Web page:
The exotic nature of local: or why generic foreign gifts suck

On Christmas Eve, why not discuss gifts.

For, what, the past few hundred years, the more far-flung and exotic the purchase or discovery, the better. Those emotions are mixed up into colonialism and exploration and Manifest Destiny and so many human and American spirits that I don’t care to explore them.

But I think there’s something changing there.

In 2005, I spent a small fortune in the local currency on hand-crafted wood carvings and jewelry from new friends and acquaintances in a Ghanian mountain village, all to be given to friends and family at home. I was back home for no more than two weeks before I showed off a necklace I was particularly fond of and someone remarked how similar it was to something she had seen at Target.

Oh.

I was brought back to this thought and what it means by a great last-page essay in the strong Philadelphia sustainability magazine Grid.

…I realized that local products are exotic. In this era of cross-culturalism and international trade, it’s easy to lose sight of just how little of what we buy is made where we live. Consider your morning cup of coffee, the T-shirt you’re wearing, or the bottle of water on your desk. We rarely stop to consider that an everyday product could have traveled 3,000 miles to get to us.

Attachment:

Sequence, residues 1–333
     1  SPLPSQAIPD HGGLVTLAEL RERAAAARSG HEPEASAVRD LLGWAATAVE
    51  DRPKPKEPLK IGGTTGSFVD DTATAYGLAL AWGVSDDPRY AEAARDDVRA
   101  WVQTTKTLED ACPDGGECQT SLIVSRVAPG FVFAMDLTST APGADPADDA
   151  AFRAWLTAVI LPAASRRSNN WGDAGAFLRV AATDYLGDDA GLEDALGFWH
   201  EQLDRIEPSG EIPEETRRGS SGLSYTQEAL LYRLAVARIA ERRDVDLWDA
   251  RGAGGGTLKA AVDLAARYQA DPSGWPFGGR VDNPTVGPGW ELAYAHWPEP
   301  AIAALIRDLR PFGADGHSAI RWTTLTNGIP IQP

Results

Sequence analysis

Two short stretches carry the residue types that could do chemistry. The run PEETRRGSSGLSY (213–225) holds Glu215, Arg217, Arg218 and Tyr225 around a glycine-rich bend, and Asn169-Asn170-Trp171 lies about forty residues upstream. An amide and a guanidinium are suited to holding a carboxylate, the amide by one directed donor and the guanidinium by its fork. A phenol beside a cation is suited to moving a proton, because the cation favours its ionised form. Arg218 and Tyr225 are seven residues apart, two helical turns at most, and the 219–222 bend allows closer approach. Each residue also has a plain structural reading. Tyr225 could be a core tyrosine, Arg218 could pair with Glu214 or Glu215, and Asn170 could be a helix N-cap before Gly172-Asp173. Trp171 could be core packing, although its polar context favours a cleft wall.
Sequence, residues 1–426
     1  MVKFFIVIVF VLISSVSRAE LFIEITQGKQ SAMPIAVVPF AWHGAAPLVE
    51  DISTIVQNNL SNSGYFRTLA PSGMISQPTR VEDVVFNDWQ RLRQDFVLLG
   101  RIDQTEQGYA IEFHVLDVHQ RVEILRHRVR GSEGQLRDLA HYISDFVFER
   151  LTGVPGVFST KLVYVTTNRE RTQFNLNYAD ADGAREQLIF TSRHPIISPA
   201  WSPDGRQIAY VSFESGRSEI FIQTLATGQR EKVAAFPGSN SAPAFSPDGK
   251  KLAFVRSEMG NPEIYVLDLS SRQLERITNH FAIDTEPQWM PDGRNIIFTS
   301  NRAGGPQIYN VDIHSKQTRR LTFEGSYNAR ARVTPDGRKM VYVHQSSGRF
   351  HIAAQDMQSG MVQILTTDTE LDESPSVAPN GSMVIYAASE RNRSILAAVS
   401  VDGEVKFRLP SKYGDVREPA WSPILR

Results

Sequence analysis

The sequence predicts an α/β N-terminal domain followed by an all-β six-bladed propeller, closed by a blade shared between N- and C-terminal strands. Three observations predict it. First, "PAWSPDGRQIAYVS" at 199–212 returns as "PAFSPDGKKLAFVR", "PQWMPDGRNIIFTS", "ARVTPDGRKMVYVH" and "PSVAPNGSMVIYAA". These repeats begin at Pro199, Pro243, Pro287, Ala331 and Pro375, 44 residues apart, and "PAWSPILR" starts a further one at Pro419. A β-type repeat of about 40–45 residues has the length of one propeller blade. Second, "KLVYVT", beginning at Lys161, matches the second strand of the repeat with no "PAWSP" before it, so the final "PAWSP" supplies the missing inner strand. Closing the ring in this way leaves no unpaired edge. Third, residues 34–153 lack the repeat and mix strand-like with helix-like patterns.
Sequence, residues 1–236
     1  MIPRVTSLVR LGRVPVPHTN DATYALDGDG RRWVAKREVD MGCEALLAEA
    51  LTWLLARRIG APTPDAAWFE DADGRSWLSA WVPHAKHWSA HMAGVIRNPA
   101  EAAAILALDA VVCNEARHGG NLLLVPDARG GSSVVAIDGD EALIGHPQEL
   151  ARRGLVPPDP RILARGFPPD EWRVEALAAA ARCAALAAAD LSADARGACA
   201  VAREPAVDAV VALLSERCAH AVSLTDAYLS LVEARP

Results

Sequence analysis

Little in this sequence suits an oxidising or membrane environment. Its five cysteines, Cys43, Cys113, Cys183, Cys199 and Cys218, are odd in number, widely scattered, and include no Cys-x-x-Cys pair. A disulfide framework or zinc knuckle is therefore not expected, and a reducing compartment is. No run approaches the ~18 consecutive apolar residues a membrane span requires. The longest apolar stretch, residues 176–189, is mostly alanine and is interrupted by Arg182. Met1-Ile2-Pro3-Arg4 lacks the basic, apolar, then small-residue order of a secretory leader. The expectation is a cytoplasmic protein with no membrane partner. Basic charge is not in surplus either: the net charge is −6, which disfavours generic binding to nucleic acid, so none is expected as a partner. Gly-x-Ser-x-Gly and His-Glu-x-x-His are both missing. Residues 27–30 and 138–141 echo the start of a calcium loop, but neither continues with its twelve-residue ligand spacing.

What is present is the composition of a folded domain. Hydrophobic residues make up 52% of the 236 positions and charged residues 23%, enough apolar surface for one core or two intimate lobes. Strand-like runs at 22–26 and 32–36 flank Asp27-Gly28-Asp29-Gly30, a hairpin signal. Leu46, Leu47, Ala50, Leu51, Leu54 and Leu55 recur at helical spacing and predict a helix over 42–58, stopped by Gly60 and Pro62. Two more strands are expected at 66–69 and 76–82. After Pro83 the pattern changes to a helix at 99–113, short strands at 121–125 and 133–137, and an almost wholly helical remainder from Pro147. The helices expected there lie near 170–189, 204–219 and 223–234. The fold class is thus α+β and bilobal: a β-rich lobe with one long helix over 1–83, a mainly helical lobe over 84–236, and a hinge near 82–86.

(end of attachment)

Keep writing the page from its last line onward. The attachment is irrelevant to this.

So, this year I’m looking forward to giving gifts that have the exotic provenance of my hometown. The objects will still be vessels for imparting my experiences, still carry the stories of the people I’ve met and the things I’ve enjoyed. I’m excited to show off the counter-global foods and wares that make Philadelphia unique. When you put some thought into the source, you’re giving a gift that benefits more than just its recipient. MORE

Yes.

So as technology and globalization makes the world flatter, it will be supporting a local economy and finding the most local and most special product that will be *better*.

We’ll see a trend of the local becoming more and more interesting before, of course, as a friend noted, it switches again like all trends do.

It fits into a world of sustainability and urban renewal that thrills me. I don’t know what to do with all those wood carvings now.